Bolivian and Brazilian government officials continued negotiations with Guarani Indians who have threatened to seal a gas pipeline between the two countries. Guarani Indians are seeking to gain more control over previously promised investments in both South American countries.

The Guarani Peoples Assembly has threatened to shut the valves of the gas pipelines since Thursday. The pipelines transport around 40 percent of the gas Bolivia exports to Brazil which amounts to 26 million cubic meters per day. Hugo Salvatierra, the Bolivian Minister of Rural Development, led a delegation to Charagua, near the Parapeti control station 3.

Bolivian pipeline operator Transierra agreed to invest an accumulated amount of $9-million until 2025 in Guarani communities. This investment was made in order for Transierra to cross over Indian lands in South America. The company has spent $255,000 on local projects to date.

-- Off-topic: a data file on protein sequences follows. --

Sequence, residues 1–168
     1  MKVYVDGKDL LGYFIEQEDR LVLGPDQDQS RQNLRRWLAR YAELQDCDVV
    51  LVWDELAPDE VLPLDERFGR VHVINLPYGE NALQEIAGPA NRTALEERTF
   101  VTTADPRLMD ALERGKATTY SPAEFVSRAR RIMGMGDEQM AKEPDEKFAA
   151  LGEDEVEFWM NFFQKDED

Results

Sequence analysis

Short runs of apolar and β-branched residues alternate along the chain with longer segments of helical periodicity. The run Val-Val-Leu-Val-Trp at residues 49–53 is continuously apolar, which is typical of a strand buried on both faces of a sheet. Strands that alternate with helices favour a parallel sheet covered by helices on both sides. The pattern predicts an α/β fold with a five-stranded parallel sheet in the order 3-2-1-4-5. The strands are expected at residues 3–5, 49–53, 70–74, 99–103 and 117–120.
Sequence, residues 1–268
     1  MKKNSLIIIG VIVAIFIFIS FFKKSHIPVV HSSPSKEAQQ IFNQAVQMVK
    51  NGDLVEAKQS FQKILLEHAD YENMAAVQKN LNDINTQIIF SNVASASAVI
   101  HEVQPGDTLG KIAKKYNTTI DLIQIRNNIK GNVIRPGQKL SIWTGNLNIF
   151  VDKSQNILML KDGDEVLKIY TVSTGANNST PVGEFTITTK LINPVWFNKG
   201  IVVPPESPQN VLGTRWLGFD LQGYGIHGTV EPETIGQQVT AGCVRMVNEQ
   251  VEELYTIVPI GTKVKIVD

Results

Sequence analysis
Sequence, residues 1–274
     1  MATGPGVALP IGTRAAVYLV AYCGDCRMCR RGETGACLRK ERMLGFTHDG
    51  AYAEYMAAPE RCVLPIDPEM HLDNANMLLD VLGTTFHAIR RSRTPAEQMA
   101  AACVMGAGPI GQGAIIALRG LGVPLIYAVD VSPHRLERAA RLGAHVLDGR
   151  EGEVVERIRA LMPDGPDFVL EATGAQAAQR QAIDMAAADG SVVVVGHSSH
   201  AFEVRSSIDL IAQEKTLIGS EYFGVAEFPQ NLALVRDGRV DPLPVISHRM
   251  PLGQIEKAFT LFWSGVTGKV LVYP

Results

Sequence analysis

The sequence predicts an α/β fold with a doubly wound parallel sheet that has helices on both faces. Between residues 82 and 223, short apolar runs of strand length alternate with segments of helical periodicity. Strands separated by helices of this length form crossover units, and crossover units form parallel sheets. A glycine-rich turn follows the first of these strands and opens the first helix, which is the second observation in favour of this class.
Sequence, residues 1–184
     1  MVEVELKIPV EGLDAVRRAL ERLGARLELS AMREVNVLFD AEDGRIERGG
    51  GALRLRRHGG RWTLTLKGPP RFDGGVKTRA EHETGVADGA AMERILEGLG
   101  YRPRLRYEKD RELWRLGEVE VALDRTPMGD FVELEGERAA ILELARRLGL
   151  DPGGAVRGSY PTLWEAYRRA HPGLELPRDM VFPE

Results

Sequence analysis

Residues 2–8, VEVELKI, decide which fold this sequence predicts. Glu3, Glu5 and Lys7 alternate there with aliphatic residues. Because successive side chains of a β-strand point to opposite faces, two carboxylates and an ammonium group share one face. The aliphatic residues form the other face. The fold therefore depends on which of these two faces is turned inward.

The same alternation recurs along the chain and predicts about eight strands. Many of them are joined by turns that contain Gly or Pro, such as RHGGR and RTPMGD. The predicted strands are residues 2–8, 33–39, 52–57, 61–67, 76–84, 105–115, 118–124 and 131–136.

However, the Guarani Peoples Assembly has expressed discontent over the manner and the pace in which the funds are being allocated and have demanded to oversee the distribution of the funds.

Bolivia and Brazil are currently engaged in controversial negotiations over the price of natural gas following Bolivian President Evo Morales' nationalization of his country's oil and gas reserves, earlier this year in May.